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Thailand’s Exchange Chief Says Foreign Selling Caused Stock Drop

Thailand’s stock exchange said sales by overseas investors triggered the benchmark index’s biggest one-day drop in almost five months yesterday, and signaled that shares aren’t expected to decline much further.

The SET Index (SET) slumped 1.2 percent yesterday as foreign investors sold a net 4.6 billion baht ($152 million) of shares, the most since Oct. 10, according to exchange data. The gauge rose 0.2 percent as of 4:24 p.m. in Bangkok.

Yesterday’s drop “may be partly because of profit taking” by overseas investors, Charamporn Jotikasthira, president of the Stock Exchange of Thailand, told reporters today. “We don’t think these sales are because of capital outflows, they may be portfolio adjustments. We haven’t seen much selling today.”

The SET Index rallied 36 percent in the 12 months to Jan. 9, driving it to the highest level since July 1995. Before yesterday’s drop, the measure traded at 17.7 times reported profit, the highest level since Sept. 28, data compiled by Bloomberg show. The index is valued at an 18 percent premium to the MSCI Asia Pacific Index. (MXAP) Thai companies begin reporting fourth-quarter results today.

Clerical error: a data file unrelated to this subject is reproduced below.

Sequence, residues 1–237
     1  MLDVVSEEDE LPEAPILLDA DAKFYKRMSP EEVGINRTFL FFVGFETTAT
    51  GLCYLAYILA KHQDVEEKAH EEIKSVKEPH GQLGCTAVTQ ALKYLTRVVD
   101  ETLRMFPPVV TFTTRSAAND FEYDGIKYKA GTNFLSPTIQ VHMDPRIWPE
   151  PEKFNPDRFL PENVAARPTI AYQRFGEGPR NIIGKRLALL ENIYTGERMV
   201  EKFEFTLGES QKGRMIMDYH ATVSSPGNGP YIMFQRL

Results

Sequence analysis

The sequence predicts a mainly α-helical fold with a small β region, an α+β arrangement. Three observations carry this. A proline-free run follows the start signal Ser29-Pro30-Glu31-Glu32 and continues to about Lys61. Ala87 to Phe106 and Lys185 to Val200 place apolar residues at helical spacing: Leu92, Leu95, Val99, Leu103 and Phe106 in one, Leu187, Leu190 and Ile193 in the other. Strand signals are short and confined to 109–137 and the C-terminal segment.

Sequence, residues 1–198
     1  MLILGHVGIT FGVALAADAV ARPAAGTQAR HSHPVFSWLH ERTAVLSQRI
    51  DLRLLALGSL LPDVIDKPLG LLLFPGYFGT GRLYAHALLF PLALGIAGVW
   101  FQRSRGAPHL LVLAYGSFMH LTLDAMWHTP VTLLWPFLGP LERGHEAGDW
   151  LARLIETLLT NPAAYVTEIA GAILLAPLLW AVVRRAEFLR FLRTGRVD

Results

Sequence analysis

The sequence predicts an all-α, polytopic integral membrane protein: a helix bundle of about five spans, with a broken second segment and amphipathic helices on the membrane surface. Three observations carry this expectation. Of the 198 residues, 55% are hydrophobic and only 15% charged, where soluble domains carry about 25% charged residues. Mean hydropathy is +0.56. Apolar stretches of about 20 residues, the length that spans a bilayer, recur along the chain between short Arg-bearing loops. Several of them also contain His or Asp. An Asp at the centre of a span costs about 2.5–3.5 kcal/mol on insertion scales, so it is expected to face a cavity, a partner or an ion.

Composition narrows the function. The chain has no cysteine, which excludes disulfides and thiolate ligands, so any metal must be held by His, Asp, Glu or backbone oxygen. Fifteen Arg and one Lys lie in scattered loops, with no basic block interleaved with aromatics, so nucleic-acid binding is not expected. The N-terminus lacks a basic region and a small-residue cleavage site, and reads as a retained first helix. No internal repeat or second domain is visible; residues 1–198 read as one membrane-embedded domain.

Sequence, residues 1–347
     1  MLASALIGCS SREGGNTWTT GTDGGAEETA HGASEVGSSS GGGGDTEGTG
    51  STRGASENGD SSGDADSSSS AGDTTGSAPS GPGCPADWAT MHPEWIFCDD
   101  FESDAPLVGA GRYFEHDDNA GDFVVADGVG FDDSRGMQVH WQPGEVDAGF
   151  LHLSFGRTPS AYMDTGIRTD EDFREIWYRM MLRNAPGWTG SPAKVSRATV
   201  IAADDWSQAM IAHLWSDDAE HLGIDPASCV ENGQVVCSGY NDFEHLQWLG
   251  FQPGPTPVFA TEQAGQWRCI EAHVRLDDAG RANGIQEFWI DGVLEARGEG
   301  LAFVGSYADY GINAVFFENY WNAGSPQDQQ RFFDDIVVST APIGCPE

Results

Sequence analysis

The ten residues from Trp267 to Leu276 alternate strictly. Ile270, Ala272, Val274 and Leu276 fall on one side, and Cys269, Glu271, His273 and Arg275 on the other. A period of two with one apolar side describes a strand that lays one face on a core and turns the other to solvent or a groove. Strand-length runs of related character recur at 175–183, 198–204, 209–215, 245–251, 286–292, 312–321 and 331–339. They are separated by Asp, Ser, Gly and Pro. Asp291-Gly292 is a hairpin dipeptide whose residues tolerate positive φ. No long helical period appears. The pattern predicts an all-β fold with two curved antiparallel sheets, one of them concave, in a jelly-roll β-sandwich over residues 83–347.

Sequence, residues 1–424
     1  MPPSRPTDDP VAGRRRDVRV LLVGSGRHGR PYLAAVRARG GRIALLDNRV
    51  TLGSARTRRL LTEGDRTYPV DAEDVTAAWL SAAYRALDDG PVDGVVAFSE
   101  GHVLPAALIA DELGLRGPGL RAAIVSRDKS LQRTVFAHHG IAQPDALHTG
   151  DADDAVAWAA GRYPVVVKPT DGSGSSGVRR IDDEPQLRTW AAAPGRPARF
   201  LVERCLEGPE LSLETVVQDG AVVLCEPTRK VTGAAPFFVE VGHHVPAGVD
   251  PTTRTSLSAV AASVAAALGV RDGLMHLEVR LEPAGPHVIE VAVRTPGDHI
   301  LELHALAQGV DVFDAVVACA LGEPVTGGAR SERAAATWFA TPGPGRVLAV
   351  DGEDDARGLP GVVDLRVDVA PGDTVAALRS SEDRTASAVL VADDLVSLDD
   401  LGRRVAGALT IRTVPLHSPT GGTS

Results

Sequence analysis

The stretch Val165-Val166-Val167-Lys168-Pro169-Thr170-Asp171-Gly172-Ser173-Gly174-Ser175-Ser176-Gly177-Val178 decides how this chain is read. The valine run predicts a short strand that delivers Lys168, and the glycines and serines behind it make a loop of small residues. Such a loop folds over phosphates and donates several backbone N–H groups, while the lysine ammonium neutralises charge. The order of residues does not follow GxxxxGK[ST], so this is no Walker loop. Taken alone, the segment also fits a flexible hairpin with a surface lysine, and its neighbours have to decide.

Overseas investors bought $2.5 billion more of Thai shares than they sold last year, after net sales of $167 million in 2011, according to data compiled by Bloomberg.

The baht reached a 10-month high today after funds bought $174 million more local shares than they sold this month through yesterday and pumped a net $1.4 billion into sovereign debt, data from the stock exchange and the Thai Bond Market Association showed.

Charamporn said yesterday’s stock decline “isn’t concerning,” because the SET index moved in line with regional peers. The Philippine benchmark index sank 1.2 percent yesterday, while the Jakarta Composite Index lost 1 percent.

To contact the reporters on this story: Tony Jordan in Bangkok at tjordan3@bloomberg.net; Suttinee Yuvejwattana in Bangkok at suttinee1@bloomberg.net

To contact the editor responsible for this story: Darren Boey at dboey@bloomberg.net

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